Today’s readings are about giving thanks, glory and praise to the Lord our God for the wonders he has wrought in our life… They are about remembering him with gratitude and never taking Him for granted… They are about doing our bounden duty and awaiting the crown of glory when the race is done.

The first and third readings talk about healing. In the First Reading (2 Kings 5: 14-17) the Syrian general Naaman goes into the Jordan, as recommended by prophet Elisha, and comes out clean, his flesh restored like that of a little child. He returns with a present to thank the man of God, who does not accept it – for he was not there to serve himself but the Lord. Extremely thankful, Naaman wishes to carry earth with which to build an altar for the Lord in whom he now believes, in his land of origin.

In the Gospel (Lk 17: 11-19), only one of the ten lepers who were cleansed return to thank Our Lord. An instance of kam’ zalem, voiz melo (once cured, one forgets the physician), a classic case of human ingratitude. The Master Physician notes that the lone grateful man whose faith had cured him is indeed a foreigner – a man from Samaria, a district that was anathema to Israel.

The two stories above are not about physical healing alone; they are about liberation from sin – yet failing to proclaim the Good News to the world. How many of us who stop everything to ask God for healings and successes also stop to thank God on receiving them?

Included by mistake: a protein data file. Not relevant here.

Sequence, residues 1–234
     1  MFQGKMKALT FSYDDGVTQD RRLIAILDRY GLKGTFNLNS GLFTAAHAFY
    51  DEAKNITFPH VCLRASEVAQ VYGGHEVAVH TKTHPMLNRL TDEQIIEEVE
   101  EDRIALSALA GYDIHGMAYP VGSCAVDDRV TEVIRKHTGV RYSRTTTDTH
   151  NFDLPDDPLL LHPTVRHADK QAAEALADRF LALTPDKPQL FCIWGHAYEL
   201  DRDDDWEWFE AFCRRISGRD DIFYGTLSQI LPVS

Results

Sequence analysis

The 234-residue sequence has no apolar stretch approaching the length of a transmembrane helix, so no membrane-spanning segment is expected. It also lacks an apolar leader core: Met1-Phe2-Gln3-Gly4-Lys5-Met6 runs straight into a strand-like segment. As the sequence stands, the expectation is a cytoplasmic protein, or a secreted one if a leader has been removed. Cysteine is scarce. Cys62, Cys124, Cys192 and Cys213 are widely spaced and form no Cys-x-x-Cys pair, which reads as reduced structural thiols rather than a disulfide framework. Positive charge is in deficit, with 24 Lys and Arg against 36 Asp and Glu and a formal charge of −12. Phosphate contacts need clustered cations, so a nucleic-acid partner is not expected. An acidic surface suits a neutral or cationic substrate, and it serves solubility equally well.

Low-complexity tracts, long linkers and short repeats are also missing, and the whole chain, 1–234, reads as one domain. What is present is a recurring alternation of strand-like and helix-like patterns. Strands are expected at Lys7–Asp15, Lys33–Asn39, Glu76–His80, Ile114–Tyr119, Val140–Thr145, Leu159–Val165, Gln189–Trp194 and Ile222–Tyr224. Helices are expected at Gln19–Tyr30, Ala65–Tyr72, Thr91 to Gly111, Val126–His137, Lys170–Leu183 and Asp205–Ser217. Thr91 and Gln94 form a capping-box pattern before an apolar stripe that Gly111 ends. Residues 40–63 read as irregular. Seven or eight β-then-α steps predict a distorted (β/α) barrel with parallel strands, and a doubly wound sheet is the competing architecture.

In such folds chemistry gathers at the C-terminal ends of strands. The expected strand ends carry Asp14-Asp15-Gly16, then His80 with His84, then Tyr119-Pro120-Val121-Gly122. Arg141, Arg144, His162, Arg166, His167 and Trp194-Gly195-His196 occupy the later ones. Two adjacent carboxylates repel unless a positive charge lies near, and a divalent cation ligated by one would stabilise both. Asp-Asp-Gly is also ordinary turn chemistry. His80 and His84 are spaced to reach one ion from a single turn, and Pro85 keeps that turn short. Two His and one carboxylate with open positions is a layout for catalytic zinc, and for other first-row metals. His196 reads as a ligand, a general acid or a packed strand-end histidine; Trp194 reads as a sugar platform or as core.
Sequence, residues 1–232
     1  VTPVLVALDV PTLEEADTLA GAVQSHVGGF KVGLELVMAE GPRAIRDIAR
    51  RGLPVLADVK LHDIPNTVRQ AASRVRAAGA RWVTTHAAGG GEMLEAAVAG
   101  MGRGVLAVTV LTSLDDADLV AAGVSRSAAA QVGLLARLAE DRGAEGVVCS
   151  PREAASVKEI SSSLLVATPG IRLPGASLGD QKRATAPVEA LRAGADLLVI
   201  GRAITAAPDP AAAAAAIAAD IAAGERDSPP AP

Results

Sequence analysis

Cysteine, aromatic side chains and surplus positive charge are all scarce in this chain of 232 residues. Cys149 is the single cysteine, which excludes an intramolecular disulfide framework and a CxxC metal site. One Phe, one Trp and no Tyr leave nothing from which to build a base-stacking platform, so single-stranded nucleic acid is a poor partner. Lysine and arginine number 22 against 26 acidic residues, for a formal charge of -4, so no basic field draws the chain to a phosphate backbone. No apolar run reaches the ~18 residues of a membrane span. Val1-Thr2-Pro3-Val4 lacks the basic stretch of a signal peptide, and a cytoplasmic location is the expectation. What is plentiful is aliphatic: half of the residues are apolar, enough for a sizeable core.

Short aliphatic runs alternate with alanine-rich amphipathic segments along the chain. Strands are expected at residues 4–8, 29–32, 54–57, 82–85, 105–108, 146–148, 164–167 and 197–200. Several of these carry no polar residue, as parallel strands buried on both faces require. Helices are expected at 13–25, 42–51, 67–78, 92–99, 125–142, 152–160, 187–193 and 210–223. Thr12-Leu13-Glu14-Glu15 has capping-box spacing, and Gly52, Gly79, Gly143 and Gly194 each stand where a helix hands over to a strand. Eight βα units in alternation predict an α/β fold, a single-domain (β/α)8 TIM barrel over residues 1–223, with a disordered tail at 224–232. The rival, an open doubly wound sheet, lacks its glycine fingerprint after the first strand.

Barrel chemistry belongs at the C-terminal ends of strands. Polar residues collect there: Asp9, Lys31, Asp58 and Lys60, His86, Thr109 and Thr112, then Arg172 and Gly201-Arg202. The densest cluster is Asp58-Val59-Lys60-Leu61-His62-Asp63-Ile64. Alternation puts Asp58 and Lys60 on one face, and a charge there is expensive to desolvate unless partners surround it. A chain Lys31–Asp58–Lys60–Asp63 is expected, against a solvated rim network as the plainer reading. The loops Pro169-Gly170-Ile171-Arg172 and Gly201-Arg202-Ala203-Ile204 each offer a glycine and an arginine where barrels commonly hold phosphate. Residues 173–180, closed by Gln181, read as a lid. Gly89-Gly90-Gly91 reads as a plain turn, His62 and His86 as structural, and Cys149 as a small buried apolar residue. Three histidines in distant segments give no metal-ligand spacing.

The Anglican-turned-Catholic writer G. K. Chesterton in his Autobiography stresses ‘the idea of taking things with gratitude, and not taking things for granted.’ But alas, gratitude seems to be one of those rare commodities in our jet age. It is as though we expect everything as a right, not a favour. In our self-centredness no gesture of kindness from another touches our soul. Sometimes, a ‘thank you’ is a mere formality; and when it comes to God, hardly a necessity.

St Paul (2 Tim 2: 8-13) clinches it. He places before us the everlasting model that is Jesus Christ our Lord. Our Lord is faithful even to the faithless – because He can’t be any different. What a noble lesson for humanity. The Apostle of the Gentiles who, a little earlier in the letter to Timothy, had spoken of the good fight, the race, and about keeping the faith, now uses a fragment of a hymn from his area of evangelisation to convey the same message.

The point is: why do we sometimes deny Him? Why are we faithless? Is it mere weakness or is it malice? Sometimes we do not know that we are caught up in the web of the evil one. Let us break free. Let us wake up and think. Let us rise and speak. The Word of God is not fettered. Have faith, Jesus is the Light of the World; those who follow Him will have the light of life.